The main difference between Poncho and Serape is that the Poncho is a cape- or blanket-like outer garment and Serape is a Spanish-American wearing blanket, worn wrapped around the shoulders.
A poncho (Spanish pronunciation: [ˈpontʃo]; punchu in Quechua; Mapudungun pontro, blanket, woolen fabric) is an outer garment designed to keep the body warm. A rain poncho is made from a watertight material designed to keep the body dry from the rain. Ponchos have been used by the Native American peoples of the Andes since pre-Hispanic time, from places now under the territory of Bolivia, Peru, Chile and Ecuador and are now considered typical South American garments.
The serape or sarape is a long blanket-like shawl, often brightly colored and fringed at the ends, worn in Mexico, especially by men. The spelling of the word sarape is the accepted form in Mexico and in Spanish-speaking countries. The term sarape is for the rectangular woven blanket (no openings), though in more recent years it can also be used to refer to a very soft rectangular blanket with an opening in the middle for one’s head, similar to a poncho called gabán, or jorongo in Mexico. Modern variations of some serapes are made with matching hoods for head covering. The length varies, but front and back normally reach knee height on an average person.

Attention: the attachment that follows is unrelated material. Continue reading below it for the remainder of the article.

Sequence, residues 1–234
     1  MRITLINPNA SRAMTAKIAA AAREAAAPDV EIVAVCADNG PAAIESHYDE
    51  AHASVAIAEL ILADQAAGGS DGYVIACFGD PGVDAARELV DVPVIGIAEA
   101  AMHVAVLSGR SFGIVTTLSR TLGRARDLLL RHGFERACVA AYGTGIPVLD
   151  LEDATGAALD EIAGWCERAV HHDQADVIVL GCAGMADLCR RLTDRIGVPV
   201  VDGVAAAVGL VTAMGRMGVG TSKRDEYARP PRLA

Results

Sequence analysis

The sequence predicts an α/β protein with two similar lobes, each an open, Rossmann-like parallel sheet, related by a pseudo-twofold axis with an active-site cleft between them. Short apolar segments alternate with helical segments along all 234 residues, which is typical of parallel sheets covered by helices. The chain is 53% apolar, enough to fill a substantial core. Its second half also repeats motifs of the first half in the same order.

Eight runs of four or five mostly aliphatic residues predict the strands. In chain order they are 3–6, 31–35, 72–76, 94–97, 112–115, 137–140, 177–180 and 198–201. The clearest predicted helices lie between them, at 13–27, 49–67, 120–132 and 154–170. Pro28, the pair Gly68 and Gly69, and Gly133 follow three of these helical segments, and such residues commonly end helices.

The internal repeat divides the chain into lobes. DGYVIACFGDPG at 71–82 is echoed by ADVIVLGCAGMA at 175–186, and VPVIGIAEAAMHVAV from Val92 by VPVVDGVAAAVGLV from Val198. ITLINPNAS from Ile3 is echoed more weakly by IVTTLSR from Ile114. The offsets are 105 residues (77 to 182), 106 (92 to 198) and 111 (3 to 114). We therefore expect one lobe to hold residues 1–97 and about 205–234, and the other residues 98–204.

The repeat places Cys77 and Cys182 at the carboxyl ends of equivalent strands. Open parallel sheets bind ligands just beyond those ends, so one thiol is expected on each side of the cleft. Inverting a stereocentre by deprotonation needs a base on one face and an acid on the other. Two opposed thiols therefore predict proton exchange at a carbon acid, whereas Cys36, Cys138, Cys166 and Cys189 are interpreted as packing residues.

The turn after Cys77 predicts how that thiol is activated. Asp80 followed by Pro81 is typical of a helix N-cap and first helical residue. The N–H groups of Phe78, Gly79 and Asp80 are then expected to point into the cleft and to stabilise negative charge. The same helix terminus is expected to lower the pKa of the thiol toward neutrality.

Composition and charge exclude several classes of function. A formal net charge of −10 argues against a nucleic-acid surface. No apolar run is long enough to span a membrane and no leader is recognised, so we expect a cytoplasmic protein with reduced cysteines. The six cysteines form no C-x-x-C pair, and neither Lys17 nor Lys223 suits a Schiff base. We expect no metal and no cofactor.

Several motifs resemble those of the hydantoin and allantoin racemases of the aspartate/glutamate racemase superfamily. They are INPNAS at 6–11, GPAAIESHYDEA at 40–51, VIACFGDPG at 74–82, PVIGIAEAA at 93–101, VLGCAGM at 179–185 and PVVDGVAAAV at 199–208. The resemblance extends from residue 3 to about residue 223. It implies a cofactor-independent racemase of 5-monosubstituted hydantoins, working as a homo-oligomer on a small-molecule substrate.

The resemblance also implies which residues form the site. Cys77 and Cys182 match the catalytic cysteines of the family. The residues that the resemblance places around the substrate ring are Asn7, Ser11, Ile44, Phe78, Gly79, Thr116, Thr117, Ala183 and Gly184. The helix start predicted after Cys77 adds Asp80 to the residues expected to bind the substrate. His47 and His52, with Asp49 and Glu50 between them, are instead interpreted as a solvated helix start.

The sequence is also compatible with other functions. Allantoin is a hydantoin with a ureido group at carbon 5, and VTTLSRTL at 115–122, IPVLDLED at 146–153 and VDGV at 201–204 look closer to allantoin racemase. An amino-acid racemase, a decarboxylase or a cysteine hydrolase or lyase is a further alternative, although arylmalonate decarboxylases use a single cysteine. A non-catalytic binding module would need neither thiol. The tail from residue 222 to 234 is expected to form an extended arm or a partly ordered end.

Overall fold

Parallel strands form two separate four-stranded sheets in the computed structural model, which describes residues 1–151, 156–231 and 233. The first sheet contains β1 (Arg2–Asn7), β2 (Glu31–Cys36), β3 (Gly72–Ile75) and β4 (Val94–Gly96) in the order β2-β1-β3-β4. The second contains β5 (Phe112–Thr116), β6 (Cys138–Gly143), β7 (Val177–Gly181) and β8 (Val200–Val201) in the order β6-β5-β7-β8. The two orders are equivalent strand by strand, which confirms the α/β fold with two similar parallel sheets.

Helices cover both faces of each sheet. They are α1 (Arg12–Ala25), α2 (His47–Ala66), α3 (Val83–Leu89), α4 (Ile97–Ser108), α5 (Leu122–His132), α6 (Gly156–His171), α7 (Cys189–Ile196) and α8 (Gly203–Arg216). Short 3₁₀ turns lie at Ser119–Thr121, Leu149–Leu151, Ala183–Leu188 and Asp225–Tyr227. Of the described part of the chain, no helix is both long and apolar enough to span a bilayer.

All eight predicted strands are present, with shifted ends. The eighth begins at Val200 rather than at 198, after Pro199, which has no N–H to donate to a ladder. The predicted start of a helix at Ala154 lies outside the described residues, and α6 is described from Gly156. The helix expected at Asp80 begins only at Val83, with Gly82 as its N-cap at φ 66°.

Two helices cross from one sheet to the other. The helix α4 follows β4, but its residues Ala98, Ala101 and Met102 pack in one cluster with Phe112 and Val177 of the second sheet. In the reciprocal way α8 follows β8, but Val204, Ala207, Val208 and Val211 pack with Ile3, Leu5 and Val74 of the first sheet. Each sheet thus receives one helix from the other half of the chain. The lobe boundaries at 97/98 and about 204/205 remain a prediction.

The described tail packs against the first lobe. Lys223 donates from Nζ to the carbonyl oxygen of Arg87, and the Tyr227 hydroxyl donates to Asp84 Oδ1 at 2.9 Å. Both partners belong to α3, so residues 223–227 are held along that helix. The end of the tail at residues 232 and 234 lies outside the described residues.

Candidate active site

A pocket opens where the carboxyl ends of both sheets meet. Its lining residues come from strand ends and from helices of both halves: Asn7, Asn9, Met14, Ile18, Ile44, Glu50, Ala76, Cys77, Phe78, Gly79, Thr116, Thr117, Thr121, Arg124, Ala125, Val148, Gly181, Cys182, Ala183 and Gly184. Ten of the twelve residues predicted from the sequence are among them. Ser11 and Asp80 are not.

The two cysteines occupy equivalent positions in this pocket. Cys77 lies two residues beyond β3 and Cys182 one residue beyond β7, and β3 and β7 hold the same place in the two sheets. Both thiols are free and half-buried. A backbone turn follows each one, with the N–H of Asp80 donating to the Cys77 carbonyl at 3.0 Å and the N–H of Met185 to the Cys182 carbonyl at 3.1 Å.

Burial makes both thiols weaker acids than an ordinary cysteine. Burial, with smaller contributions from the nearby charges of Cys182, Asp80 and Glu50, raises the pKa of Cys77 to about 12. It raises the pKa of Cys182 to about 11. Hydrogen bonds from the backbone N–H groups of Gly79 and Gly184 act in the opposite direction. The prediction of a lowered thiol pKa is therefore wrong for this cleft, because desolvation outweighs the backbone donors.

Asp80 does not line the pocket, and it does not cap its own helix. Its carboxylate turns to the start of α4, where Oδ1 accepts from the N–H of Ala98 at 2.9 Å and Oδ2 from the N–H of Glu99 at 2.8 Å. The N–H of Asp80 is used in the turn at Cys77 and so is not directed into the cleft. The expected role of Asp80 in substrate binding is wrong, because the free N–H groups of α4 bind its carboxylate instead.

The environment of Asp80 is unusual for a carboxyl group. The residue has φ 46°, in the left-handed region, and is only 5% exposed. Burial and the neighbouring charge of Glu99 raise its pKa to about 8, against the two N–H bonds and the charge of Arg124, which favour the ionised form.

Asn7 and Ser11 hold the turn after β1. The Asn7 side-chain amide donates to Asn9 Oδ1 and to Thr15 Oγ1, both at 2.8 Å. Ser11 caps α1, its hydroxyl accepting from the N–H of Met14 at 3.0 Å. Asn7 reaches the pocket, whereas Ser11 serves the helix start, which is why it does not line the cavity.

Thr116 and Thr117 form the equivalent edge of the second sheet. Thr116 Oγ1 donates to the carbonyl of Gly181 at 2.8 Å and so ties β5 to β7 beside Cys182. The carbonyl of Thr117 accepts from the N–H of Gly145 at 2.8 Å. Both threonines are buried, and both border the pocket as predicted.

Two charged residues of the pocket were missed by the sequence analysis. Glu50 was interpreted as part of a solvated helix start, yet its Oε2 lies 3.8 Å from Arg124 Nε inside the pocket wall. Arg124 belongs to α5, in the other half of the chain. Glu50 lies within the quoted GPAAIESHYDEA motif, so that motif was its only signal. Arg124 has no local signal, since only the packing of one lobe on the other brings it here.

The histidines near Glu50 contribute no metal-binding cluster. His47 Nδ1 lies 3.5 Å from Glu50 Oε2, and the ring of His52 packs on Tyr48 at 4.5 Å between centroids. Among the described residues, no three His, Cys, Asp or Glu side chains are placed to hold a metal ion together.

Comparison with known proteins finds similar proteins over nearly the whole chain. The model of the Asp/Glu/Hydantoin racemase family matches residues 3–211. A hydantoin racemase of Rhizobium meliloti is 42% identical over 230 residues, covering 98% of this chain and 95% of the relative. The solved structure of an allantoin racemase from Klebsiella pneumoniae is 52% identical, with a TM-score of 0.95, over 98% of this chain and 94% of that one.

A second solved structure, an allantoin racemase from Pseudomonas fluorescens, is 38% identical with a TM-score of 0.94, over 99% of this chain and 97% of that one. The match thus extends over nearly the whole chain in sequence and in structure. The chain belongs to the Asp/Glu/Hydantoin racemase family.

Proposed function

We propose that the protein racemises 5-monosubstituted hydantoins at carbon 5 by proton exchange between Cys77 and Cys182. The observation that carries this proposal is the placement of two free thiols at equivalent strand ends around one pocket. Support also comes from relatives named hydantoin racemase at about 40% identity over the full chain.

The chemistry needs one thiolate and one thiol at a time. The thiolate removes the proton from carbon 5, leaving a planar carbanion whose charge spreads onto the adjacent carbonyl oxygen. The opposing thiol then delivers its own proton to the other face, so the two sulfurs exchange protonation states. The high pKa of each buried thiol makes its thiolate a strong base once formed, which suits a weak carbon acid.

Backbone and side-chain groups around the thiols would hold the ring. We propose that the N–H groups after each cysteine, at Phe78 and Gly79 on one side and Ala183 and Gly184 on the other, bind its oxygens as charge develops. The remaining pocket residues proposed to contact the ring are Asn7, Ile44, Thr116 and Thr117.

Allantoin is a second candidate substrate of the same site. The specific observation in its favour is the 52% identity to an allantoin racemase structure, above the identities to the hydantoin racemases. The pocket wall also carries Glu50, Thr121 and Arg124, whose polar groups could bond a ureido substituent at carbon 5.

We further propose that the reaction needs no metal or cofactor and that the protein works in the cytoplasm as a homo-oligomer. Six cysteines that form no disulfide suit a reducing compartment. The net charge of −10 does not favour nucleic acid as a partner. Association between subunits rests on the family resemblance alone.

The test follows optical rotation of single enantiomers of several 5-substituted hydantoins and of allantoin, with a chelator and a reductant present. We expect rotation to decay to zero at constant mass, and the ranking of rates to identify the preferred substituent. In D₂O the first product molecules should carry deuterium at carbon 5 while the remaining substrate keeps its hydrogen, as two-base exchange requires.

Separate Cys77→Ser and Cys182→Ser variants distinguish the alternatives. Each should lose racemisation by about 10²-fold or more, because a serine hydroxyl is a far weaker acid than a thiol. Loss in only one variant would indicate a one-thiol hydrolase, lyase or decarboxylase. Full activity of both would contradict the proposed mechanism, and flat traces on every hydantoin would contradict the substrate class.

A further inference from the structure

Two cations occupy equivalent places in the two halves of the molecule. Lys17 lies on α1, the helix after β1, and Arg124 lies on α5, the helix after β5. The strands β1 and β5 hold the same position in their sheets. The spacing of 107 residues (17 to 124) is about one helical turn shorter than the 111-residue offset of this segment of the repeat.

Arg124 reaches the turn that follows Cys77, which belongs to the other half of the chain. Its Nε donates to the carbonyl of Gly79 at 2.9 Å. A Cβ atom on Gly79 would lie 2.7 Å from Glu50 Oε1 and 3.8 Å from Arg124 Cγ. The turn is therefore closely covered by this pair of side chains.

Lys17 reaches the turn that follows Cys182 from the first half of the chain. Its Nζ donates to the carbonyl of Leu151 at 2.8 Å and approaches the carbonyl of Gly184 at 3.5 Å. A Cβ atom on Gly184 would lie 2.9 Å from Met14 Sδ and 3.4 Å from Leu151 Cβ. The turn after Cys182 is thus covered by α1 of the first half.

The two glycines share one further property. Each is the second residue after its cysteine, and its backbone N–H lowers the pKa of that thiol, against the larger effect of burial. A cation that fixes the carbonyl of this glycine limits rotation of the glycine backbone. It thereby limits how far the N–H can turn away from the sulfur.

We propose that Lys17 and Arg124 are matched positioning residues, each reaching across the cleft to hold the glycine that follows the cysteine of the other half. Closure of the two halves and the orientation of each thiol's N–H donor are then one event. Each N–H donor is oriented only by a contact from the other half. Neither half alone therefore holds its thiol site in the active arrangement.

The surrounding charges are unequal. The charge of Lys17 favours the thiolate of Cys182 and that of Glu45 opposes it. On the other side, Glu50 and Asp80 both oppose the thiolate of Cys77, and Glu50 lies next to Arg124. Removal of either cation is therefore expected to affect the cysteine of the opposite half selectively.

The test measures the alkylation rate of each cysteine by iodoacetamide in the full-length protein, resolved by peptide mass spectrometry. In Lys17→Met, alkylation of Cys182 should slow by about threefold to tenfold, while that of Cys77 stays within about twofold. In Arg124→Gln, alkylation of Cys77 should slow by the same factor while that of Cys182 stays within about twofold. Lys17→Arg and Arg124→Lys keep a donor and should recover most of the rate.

Available in various colors and design patterns, the typical colors of serapes from the highland regions are two-tone combinations of black, grey, brown, or tan depending on the natural color of the sheep flocks grown in the area, with large design patterns utilizing traditional indigenous motifs. On the other hand, the traditional serape as made in the Mexican state of Coahuila in north-eastern Mexico near the city of Saltillo often consists of a dark base color with bands of yellow, orange, red, blue, green, purple or other bright colors. The ends are usually fringed.
A simple garment, made from a rectangle of cloth, with a slit in the middle for the head.
A similar waterproof garment, today typically of rubber with a hood.
A type of blanket worn as a cloak, especially by Spanish-Americans, or used as a saddle blanket.